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Mayor de Blasio proposed an $89.3 billion executive budget for New York City on Thursday amid plummeting tax revenue and economic fallout from coronavirus, forcing billions in cuts and new spending to fight the pandemic.
The executive budget for the fiscal year 2021 is $6 billion less than the unprecedented $95.3 billion preliminary spending plan de Blasio proposed in January, before coronavirus socked the city with some $7.4 billion in tax revenue shortfalls over the next two years.
Now the epicenter of the worldwide outbreak, the city has spent more than $846 million to respond to coronavirus already and expects to spend $3.5 billion by the end of 2020.
“Things that might’ve been a priority...two months ago, three months ago, can’t be a priority right now. Things that we would love to focus on in peacetime, we don’t get to focus on in wartime,” de Blasio said during a briefing. “The executive budget I’m presenting today was built for this moment in history and a moment unlike any other.”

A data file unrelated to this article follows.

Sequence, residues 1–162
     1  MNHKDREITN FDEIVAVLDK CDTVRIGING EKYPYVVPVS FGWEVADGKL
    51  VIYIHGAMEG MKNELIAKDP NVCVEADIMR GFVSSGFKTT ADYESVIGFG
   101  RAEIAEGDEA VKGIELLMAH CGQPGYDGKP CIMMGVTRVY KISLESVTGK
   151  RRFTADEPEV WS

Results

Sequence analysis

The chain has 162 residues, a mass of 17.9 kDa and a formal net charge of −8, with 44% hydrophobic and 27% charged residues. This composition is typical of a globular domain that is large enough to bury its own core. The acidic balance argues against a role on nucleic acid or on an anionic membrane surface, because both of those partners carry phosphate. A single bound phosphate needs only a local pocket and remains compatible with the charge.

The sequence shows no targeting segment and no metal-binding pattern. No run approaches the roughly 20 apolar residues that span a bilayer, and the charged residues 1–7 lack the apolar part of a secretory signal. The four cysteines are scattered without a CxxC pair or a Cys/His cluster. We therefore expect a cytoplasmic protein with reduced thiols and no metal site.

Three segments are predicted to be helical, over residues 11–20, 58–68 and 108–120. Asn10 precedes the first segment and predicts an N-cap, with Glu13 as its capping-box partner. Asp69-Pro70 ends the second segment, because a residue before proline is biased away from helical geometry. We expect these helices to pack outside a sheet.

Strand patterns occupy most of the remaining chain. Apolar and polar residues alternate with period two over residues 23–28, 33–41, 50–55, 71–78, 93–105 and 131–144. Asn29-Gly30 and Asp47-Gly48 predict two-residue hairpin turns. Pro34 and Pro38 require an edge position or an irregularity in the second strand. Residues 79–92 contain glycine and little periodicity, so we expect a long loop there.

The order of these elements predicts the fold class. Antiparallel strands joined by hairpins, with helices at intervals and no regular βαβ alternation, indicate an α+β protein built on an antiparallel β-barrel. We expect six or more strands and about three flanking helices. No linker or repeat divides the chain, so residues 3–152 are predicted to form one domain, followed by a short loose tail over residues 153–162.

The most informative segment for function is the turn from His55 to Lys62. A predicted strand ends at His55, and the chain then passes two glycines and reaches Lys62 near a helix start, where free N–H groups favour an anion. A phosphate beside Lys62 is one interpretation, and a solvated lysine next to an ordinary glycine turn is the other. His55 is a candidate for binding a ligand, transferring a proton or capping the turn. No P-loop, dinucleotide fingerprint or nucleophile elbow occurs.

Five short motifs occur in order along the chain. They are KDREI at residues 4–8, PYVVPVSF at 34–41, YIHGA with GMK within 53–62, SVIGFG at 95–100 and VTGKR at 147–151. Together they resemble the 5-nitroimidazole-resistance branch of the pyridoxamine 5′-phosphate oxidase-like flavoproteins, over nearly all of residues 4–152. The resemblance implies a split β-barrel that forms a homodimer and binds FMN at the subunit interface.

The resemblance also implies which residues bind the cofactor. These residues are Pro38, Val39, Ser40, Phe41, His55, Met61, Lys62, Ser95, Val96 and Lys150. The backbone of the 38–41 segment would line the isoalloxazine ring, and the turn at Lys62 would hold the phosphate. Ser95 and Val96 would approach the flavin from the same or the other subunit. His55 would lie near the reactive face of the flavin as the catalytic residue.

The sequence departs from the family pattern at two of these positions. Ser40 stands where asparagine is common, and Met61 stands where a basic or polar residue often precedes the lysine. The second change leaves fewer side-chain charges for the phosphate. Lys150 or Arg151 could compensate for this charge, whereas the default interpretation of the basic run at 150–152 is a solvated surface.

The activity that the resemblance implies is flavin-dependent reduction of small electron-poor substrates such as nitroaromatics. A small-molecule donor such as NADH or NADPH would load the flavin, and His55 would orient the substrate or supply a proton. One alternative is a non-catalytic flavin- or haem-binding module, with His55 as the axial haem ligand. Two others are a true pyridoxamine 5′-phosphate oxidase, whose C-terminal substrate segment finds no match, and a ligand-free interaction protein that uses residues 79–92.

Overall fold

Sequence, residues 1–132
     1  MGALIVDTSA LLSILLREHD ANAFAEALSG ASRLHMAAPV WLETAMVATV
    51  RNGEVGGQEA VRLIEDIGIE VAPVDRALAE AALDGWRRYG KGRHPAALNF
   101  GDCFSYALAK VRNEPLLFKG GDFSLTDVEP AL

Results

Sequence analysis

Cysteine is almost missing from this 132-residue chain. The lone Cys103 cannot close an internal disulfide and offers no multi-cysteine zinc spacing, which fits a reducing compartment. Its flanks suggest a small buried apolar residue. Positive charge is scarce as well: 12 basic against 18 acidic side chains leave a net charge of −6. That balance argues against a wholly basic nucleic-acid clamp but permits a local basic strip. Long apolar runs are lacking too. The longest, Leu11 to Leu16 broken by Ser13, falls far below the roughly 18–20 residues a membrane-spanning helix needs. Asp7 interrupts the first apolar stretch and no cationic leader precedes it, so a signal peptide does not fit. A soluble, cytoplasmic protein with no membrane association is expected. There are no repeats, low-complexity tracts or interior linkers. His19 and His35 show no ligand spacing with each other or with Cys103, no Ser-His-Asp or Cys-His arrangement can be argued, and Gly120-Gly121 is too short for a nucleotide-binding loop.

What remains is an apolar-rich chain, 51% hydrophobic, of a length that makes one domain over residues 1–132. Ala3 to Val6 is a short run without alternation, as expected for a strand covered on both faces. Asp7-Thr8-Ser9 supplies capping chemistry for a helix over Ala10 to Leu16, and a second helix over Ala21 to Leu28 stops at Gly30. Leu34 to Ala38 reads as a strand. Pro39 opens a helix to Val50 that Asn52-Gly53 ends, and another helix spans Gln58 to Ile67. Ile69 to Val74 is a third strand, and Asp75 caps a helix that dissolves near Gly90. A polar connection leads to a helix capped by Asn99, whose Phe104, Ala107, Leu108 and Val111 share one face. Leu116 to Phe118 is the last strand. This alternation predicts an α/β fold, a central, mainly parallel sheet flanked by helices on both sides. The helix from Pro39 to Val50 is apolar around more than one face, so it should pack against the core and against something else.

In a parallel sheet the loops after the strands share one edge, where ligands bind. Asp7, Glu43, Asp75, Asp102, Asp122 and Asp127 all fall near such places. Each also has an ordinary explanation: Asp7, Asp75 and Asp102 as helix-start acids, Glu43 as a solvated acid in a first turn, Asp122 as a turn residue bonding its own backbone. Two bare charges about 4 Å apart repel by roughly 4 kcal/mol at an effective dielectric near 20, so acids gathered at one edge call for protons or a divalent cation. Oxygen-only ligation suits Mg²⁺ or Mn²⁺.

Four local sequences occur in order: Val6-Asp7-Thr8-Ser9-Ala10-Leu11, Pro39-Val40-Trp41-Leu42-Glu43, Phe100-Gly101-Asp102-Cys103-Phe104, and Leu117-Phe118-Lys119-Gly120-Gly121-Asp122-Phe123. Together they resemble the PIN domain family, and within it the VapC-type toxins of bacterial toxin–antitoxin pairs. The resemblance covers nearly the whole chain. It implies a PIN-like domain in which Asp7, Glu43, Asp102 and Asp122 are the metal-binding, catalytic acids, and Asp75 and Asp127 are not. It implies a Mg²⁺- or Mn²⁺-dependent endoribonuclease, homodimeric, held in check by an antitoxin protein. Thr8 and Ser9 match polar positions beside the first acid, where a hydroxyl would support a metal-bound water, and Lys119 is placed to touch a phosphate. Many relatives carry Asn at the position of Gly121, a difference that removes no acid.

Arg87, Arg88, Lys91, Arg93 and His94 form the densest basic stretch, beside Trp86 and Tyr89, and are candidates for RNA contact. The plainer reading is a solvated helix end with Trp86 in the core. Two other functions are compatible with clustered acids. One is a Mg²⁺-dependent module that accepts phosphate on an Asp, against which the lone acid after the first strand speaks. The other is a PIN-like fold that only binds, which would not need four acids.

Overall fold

Hizzoner said the federal government should make up all $7.4 billion in lost revenue to ensure both the city and country can recover from the pandemic. He said the city shouldn’t have to reimburse 25% of FEMA funding spent during the crisis.
“If we can’t provide the basics for our people, then you can kiss your recovery goodbye. It’s as blunt as that,” de Blasio said, adding later, “If they had $58 billion to the airline industry, I assure you, they can find $7.5 billion for the nation’s largest city.”
Already, the city proposed $2.7 billion in budget cuts this fiscal year and next, and has also dipped into its rainy-day reserves for about $4 billion. Total reserves for the fiscal year 2021 now stand at $2.18 billion.
“The cuts that were made were very substantial and very necessary,” de Blasio said.
Outdoor public pools will be closed this summer – and beaches maybe next – saving at least $12 million.
The city will also slash millions in education funding and summer programs, delay hiring and training for some FDNY and NYPD positions, pare down traffic enforcement agents, reduce Staten Island Ferry service, put off implementation of a “green wave” plan meant to boost bicyclist safety, cut tree pruning and stump removal, scale back sanitation and cleaning efforts, suspend organic recycling, postpone a placard abuse team and more.
Multiple agencies will reduce vacant positions and freeze hiring, though de Blasio said layoffs and furloughs are a “last resort.”
And de Blasio said the city hasn’t yet requested authority to borrow for increased operating expenses but could do so in the future.
The executive budget must be adopted before June 30, when the city’s fiscal year 2020 ends, with the approval of the Council.